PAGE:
The Labour Party and Britain’s political future

I have just been reading an intriguing article titled: “Catastrophic Corbynism is steering us full-steam towards the iceberg” which got me thinking regarding the forthcoming General Election.

The author elaborates: “Maybe it’s the catastrophic local election results finally sinking in. Maybe because it’s now just 33 days until the General election. Whatever the reason, I’ve had enough. The consequences of Corbynism are looming on the horizon like the iceberg that tore open the hull of the Titanic. Theresa May is going to win the General Election and Labour is going to take an absolute shellacking. While the result has been obvious for a long time, what follows is now starting to hit home. The housing crisis will become a housing catastrophe. Homelessness will continue to rise. The NHS will stumble from winter to winter, with waiting times rising and disquiet among nurses and doctors continuing to grow. The police will continue to be squeezed, as will the armed forces. Schools will carry on asking parents to buy their own books, and who knows what other supplies. Refugee children will remain stranded. Disabled people will continue to bear the brunt of deeply unfair cuts. Small businesses will continue to be at an unfair advantage to the giant multi-nationals who are able to pick and chose whether they pay tax. Grammar schools will be reintroduced. And so on. None of this has to happen, but it will happen (and who knows what else is around the corner). It will happen because Jeremy Corbyn and his cabal of cronies will carry on their current course of calamity. Jeremy Corbyn can’t win…”

As I have pointed out on a number of occasions, I am as politically neutral as one can reasonably be, whilst holding a set of mix and match strongly held and vociferously articulated views on a variety of politically related subjects. I have also made mention that the nearest I ever got to joining a political party was in my mid teens, and it happened to be Labour, having been swayed at the time by of all people my parents that the Conservatives did not care about the poor and fairness and it was the nice Labour people who gave us better education, health and welfare etc. Then I got religion and after that I came to see the other side and from henceforth I became a floating somewhere around the middle voter without being politically engaged other than seriously reflecting on the very issues politicians argue about. I suppose for much at the time I hankered after Labour but besides feeling my calling laid elsewhere there were always ideological barriers to me becoming a signed up member. As a result when it came to voting it tended to be on the basis who would serve their ward / constituency / country best.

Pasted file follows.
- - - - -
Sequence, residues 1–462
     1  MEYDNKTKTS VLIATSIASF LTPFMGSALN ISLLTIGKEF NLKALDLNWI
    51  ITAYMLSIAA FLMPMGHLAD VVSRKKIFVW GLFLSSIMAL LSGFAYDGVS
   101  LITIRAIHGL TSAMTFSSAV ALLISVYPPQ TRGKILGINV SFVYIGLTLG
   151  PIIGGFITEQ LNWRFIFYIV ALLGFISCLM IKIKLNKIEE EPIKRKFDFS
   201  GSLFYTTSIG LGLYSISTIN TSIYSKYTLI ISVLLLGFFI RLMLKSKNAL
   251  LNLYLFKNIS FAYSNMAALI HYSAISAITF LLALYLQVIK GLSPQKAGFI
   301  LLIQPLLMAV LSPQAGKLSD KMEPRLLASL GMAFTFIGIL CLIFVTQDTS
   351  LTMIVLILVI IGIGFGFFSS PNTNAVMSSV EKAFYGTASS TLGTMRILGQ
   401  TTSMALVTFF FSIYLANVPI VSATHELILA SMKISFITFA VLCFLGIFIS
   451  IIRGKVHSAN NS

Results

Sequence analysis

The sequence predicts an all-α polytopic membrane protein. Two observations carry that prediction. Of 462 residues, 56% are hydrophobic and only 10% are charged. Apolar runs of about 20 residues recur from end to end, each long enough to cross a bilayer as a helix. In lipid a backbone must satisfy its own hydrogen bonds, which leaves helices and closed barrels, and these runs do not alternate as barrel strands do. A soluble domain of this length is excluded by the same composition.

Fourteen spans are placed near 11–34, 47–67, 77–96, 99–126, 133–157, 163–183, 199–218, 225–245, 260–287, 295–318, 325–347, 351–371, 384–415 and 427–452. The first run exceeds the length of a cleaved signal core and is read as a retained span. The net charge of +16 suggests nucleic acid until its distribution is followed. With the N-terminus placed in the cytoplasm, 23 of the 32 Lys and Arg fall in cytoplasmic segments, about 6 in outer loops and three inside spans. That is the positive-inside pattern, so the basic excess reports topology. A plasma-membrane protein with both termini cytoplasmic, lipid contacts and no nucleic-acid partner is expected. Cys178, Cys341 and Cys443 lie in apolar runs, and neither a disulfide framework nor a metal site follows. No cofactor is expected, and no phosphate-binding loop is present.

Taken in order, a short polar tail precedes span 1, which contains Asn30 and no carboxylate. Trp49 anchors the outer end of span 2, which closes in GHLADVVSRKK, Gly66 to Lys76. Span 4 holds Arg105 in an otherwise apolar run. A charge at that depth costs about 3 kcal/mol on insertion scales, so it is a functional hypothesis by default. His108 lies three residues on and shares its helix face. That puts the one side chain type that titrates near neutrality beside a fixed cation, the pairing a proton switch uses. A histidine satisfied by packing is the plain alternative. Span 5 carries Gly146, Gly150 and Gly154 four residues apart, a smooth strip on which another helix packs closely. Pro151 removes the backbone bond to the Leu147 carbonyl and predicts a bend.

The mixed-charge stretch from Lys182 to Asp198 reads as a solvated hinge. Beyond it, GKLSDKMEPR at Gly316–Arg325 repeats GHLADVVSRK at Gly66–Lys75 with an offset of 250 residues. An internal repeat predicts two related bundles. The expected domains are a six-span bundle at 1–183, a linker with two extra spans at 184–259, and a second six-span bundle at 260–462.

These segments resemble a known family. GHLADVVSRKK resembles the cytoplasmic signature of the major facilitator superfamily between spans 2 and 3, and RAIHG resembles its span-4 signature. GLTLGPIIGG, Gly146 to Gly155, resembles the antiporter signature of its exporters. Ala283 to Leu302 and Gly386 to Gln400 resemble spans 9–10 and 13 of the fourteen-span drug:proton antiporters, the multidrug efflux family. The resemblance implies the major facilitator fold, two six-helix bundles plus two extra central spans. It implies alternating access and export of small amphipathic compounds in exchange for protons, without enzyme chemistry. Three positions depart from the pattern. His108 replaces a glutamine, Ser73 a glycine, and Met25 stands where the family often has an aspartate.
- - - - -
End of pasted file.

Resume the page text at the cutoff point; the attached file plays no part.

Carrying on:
As I reflect on the current situation, especially in the light of last Thursday’s local election results, I do so with a sense of foreboding. While l like the idea of the Tories given a decisive vote of confidence ahead of some likely awkward Brexit negotiating to come, I struggle beyond vague notions like economic stability and financial prudence to come up with firm reasons why I prefer them to the alternatives. It is hard to see what the alternatives are. What traditionally would have been that alternative, the Labour Party, has failed to convinced, in much the way the author cited above has articulated, but then that also goes for all the other political parties. A quick survey of Labour under leaders in my living memory would look on Harold Wilson and Jim Callaghan favourably but it would have been downhill after that. Michael Foot, despite noble ideology, was a disaster much as many, including in the Labour Party, view Jeremy Corbyn. I really didn’t like Tony Blair – all spin and little substance and by the time he got the top job Gordon Brown was a spent force. Neil Kinnock struck me as being a cocky windbag and nice Ed Milliband, sadly, was out of his depth. The one I did like, the best Labour Prime Minister Britain never had, John Smith, died before he got the job, which likely he would have, and this leaves today’s Labour with Jeremy Corbyn, who on one hand has attracted new members but on the other has alienated its traditional base and, more importantly, the electorate. Strangely enough, when as the dark horse outsider he first put his hat in the ring when first contesting the leadership election, he was my preferred choice, despite many qualms, based more on principles than pragmatism. All this is a pity, as the country does need an alternative to today’s Tories or at least an effective opposition. There is no doubt in my mind that there is a plethora of social justice issues where Labour would do better. Given Tory safe seats, like the two Southend constituencies, have now become safer because of the flawed electoral system that operates in the UK, it is not only irksome but a pity when there are good candidates if only they could be elected.